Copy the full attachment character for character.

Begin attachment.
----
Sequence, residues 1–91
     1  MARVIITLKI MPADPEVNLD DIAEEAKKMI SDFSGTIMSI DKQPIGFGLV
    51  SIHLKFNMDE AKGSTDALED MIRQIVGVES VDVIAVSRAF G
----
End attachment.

Sequence, residues 1–91
     1  MARVIITLKI MPADPEVNLD DIAEEAKKMI SDFSGTIMSI DKQPIGFGLV
    51  SIHLKFNMDE AKGSTDALED MIRQIVGVES VDVIAVSRAF G